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Confessions of an Anthropologist

Villa Karo’s intern in duty, Emmi, who is also an anthropologist, is reflecting ethics, understanding and responsibility in a foreign culture.

”No one will ever read it anyways. Those were the words that I kept repeating to myself every time I started to doubt my ethnographic skills during my fieldwork in Lagos, Nigeria. I wondered if I had understood my informants clearly enough. To make my life easier I lulled myself into believing that my informants in Nigeria will never read my master’s thesis. A funny thought, as I wrote the thesis in English in order to make it more available to everyone.

Finally I got myself to send my thesis about Nollywood, the Nigerian film industry, to the Lagosian university that helped me in my research. I was waiting for somebody to make remarks on the factual errors I had made in my deductions about the Nigerian society. However, nobody said anything. Maybe I had understood the culture ”correctly” or maybe I had emphasized strongly enough on the subjective quality of anthropological knowledge.

The actual traveling part aside, I dare to say that anthropologists in the early 20th century had it easier. Depending on the morale of the anthropologist, he or she could decide quite freely what to say about their research subjects. In most cases, describing the cultural differences was more important than to actually understand the cultural phenomena. The anthropologist was liable for the accuracy of his research to the Western audience, not to his research subjects – the ”natives” more than likely would not have been able to get a hold of the published research, let alone understand it.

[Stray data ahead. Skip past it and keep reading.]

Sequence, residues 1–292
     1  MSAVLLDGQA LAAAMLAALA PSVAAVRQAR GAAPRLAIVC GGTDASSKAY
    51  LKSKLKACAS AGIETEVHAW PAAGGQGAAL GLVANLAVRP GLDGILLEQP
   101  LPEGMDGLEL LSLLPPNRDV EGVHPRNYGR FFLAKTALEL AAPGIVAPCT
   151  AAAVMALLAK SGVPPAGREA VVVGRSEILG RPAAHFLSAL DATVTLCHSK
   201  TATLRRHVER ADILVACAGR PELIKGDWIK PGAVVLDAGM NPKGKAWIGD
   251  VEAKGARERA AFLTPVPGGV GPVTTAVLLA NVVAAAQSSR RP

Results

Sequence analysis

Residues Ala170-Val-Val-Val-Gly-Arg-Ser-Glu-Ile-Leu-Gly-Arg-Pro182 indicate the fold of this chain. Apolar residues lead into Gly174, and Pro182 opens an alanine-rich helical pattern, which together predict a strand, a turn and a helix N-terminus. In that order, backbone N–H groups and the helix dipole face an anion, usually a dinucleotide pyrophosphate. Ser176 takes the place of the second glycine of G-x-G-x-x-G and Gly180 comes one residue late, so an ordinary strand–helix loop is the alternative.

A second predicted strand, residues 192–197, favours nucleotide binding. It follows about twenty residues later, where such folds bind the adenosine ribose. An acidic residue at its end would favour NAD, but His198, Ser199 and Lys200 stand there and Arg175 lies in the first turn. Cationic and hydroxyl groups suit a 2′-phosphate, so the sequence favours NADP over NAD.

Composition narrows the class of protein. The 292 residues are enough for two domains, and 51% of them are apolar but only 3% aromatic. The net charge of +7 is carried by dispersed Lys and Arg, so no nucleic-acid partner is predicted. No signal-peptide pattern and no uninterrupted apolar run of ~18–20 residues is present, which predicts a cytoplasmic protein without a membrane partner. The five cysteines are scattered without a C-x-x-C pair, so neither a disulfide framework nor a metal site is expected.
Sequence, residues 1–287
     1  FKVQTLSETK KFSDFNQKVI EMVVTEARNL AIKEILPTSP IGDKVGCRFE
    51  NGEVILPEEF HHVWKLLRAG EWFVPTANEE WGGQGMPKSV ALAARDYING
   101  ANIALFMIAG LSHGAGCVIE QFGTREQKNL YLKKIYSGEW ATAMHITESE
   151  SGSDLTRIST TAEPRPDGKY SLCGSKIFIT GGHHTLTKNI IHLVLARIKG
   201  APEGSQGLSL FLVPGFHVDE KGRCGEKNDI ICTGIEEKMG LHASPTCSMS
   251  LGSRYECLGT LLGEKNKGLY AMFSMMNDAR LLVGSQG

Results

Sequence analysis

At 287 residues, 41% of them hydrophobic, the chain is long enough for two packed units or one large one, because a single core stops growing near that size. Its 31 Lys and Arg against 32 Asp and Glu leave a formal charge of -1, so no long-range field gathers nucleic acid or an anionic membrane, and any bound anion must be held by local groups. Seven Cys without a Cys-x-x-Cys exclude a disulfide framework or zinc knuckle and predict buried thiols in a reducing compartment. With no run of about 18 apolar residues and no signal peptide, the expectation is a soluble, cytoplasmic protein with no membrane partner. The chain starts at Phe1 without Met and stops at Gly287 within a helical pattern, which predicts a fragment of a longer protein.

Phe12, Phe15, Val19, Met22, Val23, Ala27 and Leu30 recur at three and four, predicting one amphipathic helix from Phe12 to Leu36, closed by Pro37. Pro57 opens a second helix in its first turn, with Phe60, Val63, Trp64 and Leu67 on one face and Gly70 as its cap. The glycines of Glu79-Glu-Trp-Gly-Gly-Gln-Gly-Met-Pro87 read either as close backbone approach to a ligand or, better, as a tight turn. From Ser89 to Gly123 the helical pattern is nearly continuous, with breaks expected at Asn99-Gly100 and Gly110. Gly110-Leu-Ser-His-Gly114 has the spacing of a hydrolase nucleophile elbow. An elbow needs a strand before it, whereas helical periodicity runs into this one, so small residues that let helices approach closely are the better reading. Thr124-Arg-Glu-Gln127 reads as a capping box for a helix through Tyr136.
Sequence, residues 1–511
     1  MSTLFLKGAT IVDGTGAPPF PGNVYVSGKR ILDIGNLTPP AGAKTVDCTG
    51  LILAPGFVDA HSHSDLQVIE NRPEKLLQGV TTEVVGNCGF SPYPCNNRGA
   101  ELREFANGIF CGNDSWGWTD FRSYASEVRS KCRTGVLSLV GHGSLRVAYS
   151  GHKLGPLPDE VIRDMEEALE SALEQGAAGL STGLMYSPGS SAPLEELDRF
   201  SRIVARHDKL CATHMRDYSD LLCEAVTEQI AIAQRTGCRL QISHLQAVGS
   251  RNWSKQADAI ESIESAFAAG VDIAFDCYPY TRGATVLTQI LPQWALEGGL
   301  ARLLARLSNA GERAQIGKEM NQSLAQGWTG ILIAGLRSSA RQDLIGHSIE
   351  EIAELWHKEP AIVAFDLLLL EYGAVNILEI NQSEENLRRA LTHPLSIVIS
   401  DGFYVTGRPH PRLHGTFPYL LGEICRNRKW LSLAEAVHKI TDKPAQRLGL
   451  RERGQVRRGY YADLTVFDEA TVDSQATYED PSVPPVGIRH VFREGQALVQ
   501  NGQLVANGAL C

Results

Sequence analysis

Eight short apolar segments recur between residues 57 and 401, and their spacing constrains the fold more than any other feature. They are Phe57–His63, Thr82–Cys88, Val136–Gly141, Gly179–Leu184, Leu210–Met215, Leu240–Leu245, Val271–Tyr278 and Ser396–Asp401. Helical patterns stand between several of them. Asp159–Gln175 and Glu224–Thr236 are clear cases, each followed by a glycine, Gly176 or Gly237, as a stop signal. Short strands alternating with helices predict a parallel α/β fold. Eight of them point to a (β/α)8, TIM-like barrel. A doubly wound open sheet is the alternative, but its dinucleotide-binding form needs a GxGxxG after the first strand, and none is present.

I started to think about my experiences in the field while following the heated debate on the portrayal of West African vodun religion in Finland (and in the Western world in general). How does one portray one’s own experiences in an unfamiliar culture? I too signed the ”anthropologist’s ethical guidelines” on how to do ethnographic research while respecting one’s privacy and culture. Truthfully speaking I did not think too much about these guidelines – my informants were after all relatively accustomed to being in the spotlight! But the idea of ”no one will ever read it anyways” (my security blanket so to say) simply will not hold in the modern world.

Today everybody has, theoretically at least, access to published material on the internet. Even the research subjects, ”the natives”, can comment on the possible errors through social media. Researchers, artists, and other explorers need to think more carefully what and more importantly, how they portray their findings. The relationship between the researcher and the researched has become more equal. And rightly so!

After all this pondering, I decided to do something wild: you can download my thesis from the link below. Read it and feel free to comment! After all, that’s what anthropology is all about: cultural debate.



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